Woodrow Wilson seemed to think so. After WWI, he included a peace keeping organization, to be known as the League of Nations, in his 14 points. This visionary covenant, ratified by 42 countries with the exception of the United States, was designed to solve disputes and bring long-lasting peace to Europe.

Or how about Alfred Nobel, a “Swedish industrialist, inventor, and armaments manufacturer.” One of five prizes established in his will, The Nobel Peace Prize has “been awarded annually (with some exceptions) to those who have ‘done the most or the best work for fraternity between nations, for the abolition or reduction of standing armies and for the holding and promotion of peace congresses.’”

One name most notably absent from the long and distinguished list of winners is Eleanor Roosevelt who worked as Chairperson on the Universal Declaration of Human Rights for the United Nations, “an international organization committed to maintaining international peace.” The Universal Declaration of Human Rights is a monumental document that testifies to the Oneness of all humanity and creation. I have included a link to it below.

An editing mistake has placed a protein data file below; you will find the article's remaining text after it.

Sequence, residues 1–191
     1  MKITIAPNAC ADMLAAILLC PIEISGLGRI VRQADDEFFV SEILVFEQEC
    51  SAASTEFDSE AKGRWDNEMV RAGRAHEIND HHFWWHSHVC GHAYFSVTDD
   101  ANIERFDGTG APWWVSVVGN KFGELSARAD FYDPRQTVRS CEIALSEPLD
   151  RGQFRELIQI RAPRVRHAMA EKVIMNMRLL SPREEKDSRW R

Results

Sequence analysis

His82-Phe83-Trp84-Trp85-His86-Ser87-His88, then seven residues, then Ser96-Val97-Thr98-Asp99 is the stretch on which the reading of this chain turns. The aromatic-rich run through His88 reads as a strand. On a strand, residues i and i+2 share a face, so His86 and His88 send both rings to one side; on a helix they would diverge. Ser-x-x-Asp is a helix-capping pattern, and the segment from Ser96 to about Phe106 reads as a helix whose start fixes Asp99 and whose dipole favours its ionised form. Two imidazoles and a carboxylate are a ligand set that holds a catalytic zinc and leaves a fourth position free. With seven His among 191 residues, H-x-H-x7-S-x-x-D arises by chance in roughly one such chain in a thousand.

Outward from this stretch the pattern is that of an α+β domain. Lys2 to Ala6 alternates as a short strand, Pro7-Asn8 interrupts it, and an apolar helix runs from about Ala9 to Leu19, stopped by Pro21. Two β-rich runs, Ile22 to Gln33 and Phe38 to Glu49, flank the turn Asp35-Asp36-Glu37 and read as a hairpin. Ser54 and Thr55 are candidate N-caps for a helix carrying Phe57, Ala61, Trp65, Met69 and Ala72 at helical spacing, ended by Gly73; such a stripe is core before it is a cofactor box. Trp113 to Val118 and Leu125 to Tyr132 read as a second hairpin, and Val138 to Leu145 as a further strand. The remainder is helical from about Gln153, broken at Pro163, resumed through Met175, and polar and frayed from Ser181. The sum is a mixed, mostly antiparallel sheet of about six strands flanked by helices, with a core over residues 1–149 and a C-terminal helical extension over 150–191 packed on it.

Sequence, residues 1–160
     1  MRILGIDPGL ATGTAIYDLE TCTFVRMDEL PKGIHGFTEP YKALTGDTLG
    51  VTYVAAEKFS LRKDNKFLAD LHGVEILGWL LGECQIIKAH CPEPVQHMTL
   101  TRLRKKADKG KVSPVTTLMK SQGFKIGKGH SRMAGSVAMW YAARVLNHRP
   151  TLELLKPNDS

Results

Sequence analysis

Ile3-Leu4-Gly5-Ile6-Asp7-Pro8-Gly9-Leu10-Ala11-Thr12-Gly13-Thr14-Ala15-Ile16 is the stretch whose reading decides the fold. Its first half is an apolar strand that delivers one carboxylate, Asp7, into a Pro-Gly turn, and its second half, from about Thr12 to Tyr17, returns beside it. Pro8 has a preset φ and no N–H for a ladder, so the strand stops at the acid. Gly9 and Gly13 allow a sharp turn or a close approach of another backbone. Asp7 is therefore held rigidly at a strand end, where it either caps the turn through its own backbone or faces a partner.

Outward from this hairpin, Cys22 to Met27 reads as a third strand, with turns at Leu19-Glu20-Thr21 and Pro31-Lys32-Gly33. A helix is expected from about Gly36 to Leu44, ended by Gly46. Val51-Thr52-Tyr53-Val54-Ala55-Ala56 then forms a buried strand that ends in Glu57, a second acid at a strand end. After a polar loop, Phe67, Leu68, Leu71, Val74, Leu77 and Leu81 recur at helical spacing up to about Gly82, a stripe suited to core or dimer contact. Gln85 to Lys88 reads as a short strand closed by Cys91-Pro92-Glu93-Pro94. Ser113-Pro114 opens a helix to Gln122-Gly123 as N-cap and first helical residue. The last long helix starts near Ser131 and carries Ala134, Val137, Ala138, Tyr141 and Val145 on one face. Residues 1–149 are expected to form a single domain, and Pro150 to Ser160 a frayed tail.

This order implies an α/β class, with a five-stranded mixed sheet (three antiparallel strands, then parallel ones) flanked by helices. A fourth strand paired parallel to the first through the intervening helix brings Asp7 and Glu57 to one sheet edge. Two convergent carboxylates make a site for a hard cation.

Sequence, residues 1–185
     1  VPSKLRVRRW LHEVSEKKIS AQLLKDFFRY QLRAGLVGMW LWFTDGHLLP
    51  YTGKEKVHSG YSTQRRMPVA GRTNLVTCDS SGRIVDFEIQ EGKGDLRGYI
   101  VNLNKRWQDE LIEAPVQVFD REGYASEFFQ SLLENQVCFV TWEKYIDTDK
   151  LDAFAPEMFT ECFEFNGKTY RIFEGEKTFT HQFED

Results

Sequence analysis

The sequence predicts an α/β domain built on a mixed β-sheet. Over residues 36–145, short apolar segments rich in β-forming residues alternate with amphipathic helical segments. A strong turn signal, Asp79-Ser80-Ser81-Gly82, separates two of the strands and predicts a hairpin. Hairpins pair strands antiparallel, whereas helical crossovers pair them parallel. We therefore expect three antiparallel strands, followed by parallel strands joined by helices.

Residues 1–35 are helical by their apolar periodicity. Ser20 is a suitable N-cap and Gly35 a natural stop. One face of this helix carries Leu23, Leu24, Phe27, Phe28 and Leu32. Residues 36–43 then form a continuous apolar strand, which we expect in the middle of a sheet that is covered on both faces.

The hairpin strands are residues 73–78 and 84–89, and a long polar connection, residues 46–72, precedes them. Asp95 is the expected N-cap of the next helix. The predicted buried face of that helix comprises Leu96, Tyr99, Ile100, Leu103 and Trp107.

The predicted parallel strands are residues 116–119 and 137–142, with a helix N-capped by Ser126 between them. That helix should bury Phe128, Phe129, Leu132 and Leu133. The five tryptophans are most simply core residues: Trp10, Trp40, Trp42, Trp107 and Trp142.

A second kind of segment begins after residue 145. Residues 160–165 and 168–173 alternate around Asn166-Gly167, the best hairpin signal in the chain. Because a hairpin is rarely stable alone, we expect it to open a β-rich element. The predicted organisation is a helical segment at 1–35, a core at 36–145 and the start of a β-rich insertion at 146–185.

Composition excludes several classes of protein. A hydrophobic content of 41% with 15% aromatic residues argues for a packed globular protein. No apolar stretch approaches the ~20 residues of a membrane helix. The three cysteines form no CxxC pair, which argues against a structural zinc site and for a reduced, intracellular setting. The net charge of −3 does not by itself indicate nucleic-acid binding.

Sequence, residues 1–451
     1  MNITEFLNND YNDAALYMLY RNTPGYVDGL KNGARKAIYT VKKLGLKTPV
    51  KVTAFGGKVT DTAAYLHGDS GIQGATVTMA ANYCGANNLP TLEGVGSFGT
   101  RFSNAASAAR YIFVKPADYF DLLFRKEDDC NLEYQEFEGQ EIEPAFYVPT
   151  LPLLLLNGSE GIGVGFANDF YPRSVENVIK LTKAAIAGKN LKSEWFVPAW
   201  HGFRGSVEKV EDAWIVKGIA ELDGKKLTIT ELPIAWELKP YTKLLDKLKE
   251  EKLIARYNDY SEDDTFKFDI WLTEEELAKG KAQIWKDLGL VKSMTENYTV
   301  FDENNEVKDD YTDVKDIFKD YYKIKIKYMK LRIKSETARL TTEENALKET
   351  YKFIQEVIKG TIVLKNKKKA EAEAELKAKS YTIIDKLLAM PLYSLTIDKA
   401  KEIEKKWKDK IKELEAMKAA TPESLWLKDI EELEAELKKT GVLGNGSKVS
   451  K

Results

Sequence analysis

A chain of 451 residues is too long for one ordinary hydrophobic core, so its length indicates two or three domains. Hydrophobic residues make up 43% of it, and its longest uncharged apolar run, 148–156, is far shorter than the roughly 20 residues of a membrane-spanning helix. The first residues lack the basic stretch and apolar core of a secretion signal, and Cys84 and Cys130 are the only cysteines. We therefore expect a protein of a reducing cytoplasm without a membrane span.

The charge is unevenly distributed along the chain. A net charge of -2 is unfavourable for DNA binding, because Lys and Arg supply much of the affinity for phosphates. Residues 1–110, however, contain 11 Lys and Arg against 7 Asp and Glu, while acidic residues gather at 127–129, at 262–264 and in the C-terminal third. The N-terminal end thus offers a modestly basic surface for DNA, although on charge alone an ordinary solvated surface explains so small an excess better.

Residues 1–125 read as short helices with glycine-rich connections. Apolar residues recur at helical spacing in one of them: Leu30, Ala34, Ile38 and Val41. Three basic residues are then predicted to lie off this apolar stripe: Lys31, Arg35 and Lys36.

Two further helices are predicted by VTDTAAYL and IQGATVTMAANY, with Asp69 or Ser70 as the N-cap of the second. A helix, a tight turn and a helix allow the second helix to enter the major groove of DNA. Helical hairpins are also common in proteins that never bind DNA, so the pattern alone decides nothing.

According to the list of Peace Prize winners, the 20th century seems to have been and is filled with inspired and creative individuals and groups, seeking to make peace. Certainly, this kind of peacemaking is worthwhile and productive. After all, just as we can have useful and engaging beliefs, we can have useful and engaging ways of constructing or maintaining peace.